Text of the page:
It was a close race to the finish -- or rather the beginning -- of the Drupal 7 code freeze process a couple of weeks ago. Now that we're in the middle of the code freeze, I wanted to update everyone on the current status of the freeze, and provide some guidance about where we go from here.

First and foremost, I know that both Angie (my Drupal 7 co-maintainer) and I want to express how excited we are about how everyone really pulled together as a team at the end, and who, by working together, got a lot of great stuff in before the deadline for the "code slush" passed. Of the exceptions we had previously noted (see slides for details), eight of the ten made it in. The two stated exceptions that didn't are (1) allowing user profiles to use the field API, and (2) the administrative overlay (see screenshot). Since the overlays patch got incredibly close, Angie and I are committed to having this as part of the final release. There is now a further exception for getting overlays in, and I encourage everyone to keep working on it as fast as possible.

Drupal overlay

Other than changes necessary for the overlay, and a few left-over patches that were ready by the 10/15 deadline, we have now entered the next phase of the code freeze: no more API changes and no additional features. At this point, we focus exclusively on usability, accessibility, and performance. (If a performance, accessibility, or usability patch requires an API change, webchick and I will make a decision on a patch by patch basis.) This current phase was originally said to be four weeks from API freeze, but we're extending it to six weeks instead. The new deadline is December 1st, instead of November 15th.

My guidance at this point: depending on your strengths, and how involved you've been with the various issues in the past, please devote some time to the overlay patch, to D7UX issues and usability issues, to accessibility issues, or to performance-related issues. For the remaining five weeks, that's where the action is. Get involved now!


sun (not verified):

Great news! :)

However, now that the dust settled a bit, I had the chance for a first more in-depth look into Field API and especially the field modules (text/number/options/etc), and, putting my contrib developer and site builder hat back on, I am highly, no, massively worried about the state of them, and more importantly, how I am gonna be supposed to build something useful out of that.

I know you and Angie will say - boy, we had 18 MONTHS + 6 WEEKS to do something about it! - but, well, I only found out this late about the shocking state of those implementations. By no means I want to insult anyone - we just did what was necessary to make it work in core. But the current state of the code, especially the field modules, requires maximum in-depth understanding of a multitude of sub-systems to allow anyone to remotely understand what's going on internally, and more importantly, how one is going to be able to properly customize, extend, or alter the default behavior.

I'm specifically talking about things like

Very concerning stuff like that.

Basically, it still boils down to the D7 API clean-up issue tag queue, which I'm still maintaining. I've already removed most of the issues that aren't totally critical. A whole bunch of issues in there was RTBC a long time ago already, so those "technically" do not count (would be great to finally kick them out of the list though ;).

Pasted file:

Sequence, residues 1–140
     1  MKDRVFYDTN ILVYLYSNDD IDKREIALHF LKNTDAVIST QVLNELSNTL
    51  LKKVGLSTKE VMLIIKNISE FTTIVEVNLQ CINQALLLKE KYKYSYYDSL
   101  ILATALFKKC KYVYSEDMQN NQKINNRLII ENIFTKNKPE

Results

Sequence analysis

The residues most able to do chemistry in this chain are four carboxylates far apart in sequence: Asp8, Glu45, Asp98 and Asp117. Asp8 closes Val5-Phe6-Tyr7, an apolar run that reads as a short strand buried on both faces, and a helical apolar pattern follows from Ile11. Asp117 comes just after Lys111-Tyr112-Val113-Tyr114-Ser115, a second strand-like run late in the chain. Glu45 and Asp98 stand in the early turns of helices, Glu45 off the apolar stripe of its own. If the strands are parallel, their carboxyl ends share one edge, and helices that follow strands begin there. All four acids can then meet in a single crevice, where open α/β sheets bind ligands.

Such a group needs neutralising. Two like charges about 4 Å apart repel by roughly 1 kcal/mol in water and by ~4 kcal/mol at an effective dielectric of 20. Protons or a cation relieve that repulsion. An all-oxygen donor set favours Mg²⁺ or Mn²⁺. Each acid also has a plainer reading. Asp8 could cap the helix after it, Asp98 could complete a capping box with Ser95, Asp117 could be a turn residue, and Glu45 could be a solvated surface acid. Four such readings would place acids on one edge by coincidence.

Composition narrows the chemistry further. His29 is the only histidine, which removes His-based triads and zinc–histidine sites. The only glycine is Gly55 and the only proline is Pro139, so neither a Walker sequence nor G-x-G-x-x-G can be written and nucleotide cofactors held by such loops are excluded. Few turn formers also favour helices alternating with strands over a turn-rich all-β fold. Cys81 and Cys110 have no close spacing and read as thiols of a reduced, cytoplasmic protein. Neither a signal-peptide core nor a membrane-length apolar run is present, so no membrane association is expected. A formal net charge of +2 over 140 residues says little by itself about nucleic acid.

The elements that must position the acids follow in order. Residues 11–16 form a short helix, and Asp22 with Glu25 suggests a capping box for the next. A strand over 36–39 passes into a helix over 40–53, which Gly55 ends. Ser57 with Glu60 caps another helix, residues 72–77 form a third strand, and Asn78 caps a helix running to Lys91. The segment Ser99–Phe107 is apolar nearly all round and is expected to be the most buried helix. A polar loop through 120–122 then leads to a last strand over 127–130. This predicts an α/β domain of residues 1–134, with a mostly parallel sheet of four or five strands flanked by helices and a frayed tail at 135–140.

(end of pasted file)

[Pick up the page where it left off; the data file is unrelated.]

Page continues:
So, uhm, yeah - it would be very nice to know whether we can do something about that and what we can do - ideally, before I continue to (potentially) waste countless of even more working hours on those patches. I'm not really sure how site builders (like me) will work around some of those issues if not, but yeah...

Since I already try to provide a very concise target for very critical stuff with this issue list - perhaps you & Angie could just talk about it and afterwards, remove the "D7 API clean-up" tag from those issues you consider not as critical as I do?



Thanks for the helpful overview. Let's discuss these issues on a case per case basis in the issue queue. Some of these could be considered critical bugs ... I'll discuss them with Angie.

Luis A. Morales (not verified):


Congratulations, you have shown how open source and enterprise can, not only coexist, but complement each other seamlessly. I'm a Joomla user / developer; and although I like Joomla API (i.e.: MVC and OOP), I dont think the Joomla project is positioning itself in a competitive position for its developers. One critic that I make to the Joomla Core Team is that the same team that creates the core, also develops other extensions for sale. Isn't that disturbing, things like tagging and commenting should be part of the core. This is relevant here because the correct approach to generate income from your open-source project is the way Acquia did it.

Anyway, I want to give Drupal another try. Should I wait until D7 is out? Will the API be considerably different? If it will, then I rather take the learning curve for D7 and not for D6. Anyway, your feedback is appreciated. Although I know you must be very busy. Thanks.


Gavin Doolan (not verified):

Luis, jump into Drupal as someone who was a Joomla user and got frustrated with it. Drupal was amazing - although D7 looks alot more intuitive to when I started with it D5 was my first real look at it.

D4 scared me at the time, looked too complex.

Alex (not verified):

Great news! I can't wait to see it launched. I can provide the grounds for the screen-casts about D7 if you'll have screen-casts and would like to do this.